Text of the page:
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Merging Healthcare With Modern Communications Technology

March 3, 2014 9:48 am | by Carrie Yang, Senior Healthcare Analyst, Results Healthcare | Comments

Modern communications technology is starting to have a real impact on the way patients are managing their diseases and the delivery of healthcare. By collecting and transmitting real-time data, it is now possible to get a much better picture of a patient’s health and how it is changing. Electronic health records, too, enable more accurate information to be available to each provider involved in a patient’s care...

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The Lesson Of Dr. Charles Dotter: Never Stop Innovating

February 28, 2014 9:56 am | by Mike Schmidt, Editor, Surgical Products | Comments

It takes a certain type of person to challenge the status quo. It takes a truly exceptional person to make the status quo a thing of the past. Dr. Charles Dotter was blessed with both keen intelligence and a tremendous innovative spirit. His work, which includes performing the first percutaneous transluminal angioplasty 50 years ago this year, transformed the field of medicine. The effects are still felt by physicians and patients today...

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Gallbladder Surgery Goes Back To The Future In China

February 27, 2014 9:25 am | by Skeptical Scalpel | Comments

Chinese surgeons claim taking out just the gallstones without removing the gallbladder works well for most patients. There were 65 patients with gallstones, 61 of whom underwent successful minimally invasive surgery for removal of just the stones leaving the gallbladder in place...

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From The Other Side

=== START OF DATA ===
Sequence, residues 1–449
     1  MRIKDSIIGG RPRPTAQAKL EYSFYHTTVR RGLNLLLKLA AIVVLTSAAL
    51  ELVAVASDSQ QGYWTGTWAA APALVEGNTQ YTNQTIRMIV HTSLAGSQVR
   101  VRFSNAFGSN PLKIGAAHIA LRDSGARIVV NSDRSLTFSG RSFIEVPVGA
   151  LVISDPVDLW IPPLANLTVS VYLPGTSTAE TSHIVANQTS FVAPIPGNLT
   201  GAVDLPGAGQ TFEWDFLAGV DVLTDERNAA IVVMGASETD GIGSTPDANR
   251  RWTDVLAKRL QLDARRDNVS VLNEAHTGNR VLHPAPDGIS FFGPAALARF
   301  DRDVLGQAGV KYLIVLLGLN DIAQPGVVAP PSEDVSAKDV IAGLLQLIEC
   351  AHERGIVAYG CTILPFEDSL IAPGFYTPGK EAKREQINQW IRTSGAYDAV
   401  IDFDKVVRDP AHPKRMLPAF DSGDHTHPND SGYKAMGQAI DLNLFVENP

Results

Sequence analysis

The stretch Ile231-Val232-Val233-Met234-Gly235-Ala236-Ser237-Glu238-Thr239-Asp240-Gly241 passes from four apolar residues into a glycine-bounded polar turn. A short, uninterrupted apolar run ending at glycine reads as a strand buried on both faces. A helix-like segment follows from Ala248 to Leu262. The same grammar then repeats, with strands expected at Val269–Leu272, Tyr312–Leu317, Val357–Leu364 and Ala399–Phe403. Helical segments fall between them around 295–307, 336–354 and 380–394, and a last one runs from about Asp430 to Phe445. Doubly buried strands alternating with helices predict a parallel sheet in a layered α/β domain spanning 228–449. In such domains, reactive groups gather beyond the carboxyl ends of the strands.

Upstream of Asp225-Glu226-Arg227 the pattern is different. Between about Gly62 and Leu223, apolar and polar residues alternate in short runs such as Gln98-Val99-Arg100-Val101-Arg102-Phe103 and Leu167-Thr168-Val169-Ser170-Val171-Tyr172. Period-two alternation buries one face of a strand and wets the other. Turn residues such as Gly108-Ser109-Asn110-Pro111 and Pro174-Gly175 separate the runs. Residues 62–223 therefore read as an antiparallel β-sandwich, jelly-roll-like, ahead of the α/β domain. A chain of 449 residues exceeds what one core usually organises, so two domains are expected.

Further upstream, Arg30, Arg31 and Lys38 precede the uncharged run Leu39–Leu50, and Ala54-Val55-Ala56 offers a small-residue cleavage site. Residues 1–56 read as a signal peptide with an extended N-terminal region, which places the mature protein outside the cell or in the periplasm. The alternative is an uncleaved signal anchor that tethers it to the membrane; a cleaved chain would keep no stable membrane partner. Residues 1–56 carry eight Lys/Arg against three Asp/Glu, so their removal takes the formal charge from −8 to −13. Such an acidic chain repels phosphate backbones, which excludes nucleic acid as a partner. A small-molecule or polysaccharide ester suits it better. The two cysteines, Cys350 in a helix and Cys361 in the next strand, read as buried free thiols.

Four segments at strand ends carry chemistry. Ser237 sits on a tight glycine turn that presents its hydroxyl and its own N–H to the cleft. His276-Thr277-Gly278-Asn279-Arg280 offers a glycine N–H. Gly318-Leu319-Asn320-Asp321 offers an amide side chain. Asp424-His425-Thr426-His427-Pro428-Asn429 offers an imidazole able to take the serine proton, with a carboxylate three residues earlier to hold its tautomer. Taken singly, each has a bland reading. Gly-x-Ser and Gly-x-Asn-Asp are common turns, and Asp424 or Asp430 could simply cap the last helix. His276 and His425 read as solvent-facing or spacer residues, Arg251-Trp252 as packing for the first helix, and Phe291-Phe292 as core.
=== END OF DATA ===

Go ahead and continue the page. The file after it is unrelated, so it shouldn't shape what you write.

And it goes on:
February 26, 2014 10:40 am | by Jeff Reinke, Editorial Director, Surgical Products | Comments

From a medical standpoint, this past year proved to be an overly interesting one for my youngest daughter. In January she underwent a minor outpatient procedure to remove a small cyst from under her eye. Although there were no short-term issues, her ophthalmologist was concerned about long-term effects if the cyst continued to grow. My eight-year-old was a champ the whole time...

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We Are Training Physicians With An Eye Towards The Past

February 25, 2014 10:08 am | by Jon Coleman | Comments

How do you ask a person to be the last person to go through an education system that is failing them?  Yet we’re doing just that. Every day tens of thousands of medical student wake up to an education, and an education system, that is failing them...

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Evidenced-Based Guidelines Today, Malpractice Tomorrow

February 24, 2014 5:39 am | by Karen S. Sibert, M.D. | Comments

We hold these truths to be self-evident: A hospital administrator with a clipboard is in search of a physician who isn’t following “evidence-based guidelines. Furthermore, there are fads in medicine just as there are in fashion — today’s ”evidence-based guidelines” may be tomorrow’s malpractice...

Universal Medical Licensing For Doctors -- A Good Idea That Will Never Happen

February 24, 2014 5:14 am | by Skeptical Scalpel | Comments

Some well-intentioned people at the Center for American Progress say that the concept of individual state medical licenses is outdated, and states should recognize each others' licenses. Universal medical licensing is a great idea, but it will never happen...